Reveille: an announcement over the 1MC at 0600 local time, bugle call, trumpet call or pipes call, most often associated with the military; it is chiefly used to wake military personnel at sunrise Underway, reveille would be music usually decided on by the watch crew which was a great way to wake up!

Roger That: a term of understanding and acceptance when given an order or other information; can be used with varying inflection and tone without consequence to signify enthusiasm or disgruntlement without stepping outside the bounds of professionalism Most often stated in a sarcastic tone.

Scrambled Eggs: gold embroidered decoration on a Commander’s/Captain’s cover 

“scrambled eggs” located on the brim of the cover

Screaming Alpha: a sailor who is on fire and is running around screaming. Alpha fires leave ash. Bravo fires burn flammable liquids. Charlies are electrical fires, and Deltas burn exotic materials, often metals like magnesium. I’ve never seen someone on fire (small favors) but a fire on my ship was the most traumatic event of my Navy career.

Scuttlebutt: (1) a drinking fountain. (2) generally reliable but incomplete information about a subject. (3) a rumor (because rumors are spread when crew members gather around water fountains); this is the only thing in the universe that can travel faster than light

Shipmate: (1) any fellow sailor. (2) (derogatory) any junior enlisted about to get chewed out. Often a term used derogatorily after discharged from the Navy.

Spooks: Navy Cryptologic Technicians or other service equivalents; may also be applied to civilians from three-letter agencies riding a naval vessel. My people!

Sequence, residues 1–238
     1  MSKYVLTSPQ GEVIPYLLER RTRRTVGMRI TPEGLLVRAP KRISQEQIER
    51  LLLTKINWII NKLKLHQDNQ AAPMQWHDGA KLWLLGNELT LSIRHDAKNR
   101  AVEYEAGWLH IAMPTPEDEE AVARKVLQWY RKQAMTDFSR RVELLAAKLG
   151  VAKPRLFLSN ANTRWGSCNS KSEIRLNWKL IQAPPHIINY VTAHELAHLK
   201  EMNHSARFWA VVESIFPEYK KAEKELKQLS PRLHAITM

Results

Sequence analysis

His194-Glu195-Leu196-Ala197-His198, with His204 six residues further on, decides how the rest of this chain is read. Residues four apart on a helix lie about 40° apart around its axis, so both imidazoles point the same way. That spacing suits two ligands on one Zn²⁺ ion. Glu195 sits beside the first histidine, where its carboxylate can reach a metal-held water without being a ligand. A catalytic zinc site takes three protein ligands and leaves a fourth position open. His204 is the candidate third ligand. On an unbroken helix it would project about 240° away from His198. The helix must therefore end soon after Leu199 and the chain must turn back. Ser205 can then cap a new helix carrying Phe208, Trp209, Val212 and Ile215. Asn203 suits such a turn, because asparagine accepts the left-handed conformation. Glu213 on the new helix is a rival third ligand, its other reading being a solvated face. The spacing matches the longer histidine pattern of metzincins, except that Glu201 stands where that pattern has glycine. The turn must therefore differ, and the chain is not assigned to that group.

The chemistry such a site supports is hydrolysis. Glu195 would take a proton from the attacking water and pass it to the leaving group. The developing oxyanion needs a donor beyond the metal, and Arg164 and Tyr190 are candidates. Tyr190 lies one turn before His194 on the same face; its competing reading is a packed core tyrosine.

Stand By: to wait, can also be to foreshadow chastisement or punishment from a superior

Stand by to stand by: waiting to find out why everyone is waiting for something to maybe happen. All too often this was the case!

Starboard: right side of the boat or ship (when facing the bow)

Steel Beach Picnic: celebration on the weather decks of a ship. Usually involving beer and barbecue. Also included music and hitting golf balls off the bow of the ship. As much fun as can be had underway.

A Sailor’s favorite day: Steel Beach Picnic

Swab: mop. You will be expected to swab the deck while it rains. Makes good sense, right?

TAPS: announced over the 1MC at 2200 local time, “Taps, Taps…lights out, all hands turn into your bunks, maintain silence about the decks.” “Taps” is a musical piece sounded at dusk, and at funerals, particularly by the U.S. military – it is sounded during flag ceremonies and funerals, generally on bugle or trumpet

UNREP: (Underway Replenishment): the taking of supplies from a supply ship by maneuvering alongside it and passing lines between it and one’s own vessel. A dangerous procedure, often completed in the dark. I know right.

VBSS: (Visit, Board, Search, Seizure): Maritime boarding actions and tactics. I was invited to join the VBSS team because I was fit and relatively easy to get along with (I’m assuming). A joint decision was made to remove the offer when I explained my fear of heights. Another great story to be told in person.

Very well: expression of acknowledgement a senior gives a subordinate. Again, usually inflected with sarcasm.

Watch: a period of duty, usually of four-hours duration, six-hours on submarines. The day at sea has long been divided into watches, which are called: Midwatch or Balls to 4 (0000 to 0400); morning or rev (reveille) watch (0400 to 0800); forenoon watch (0800 to 1200); afternoon watch (1200 to 1600); dog watches (1600-1800 and 1800-2000); and the first watch (2000 to 2400). Oh, watch, a necessary evil with the wrong group, but much fun with the right people.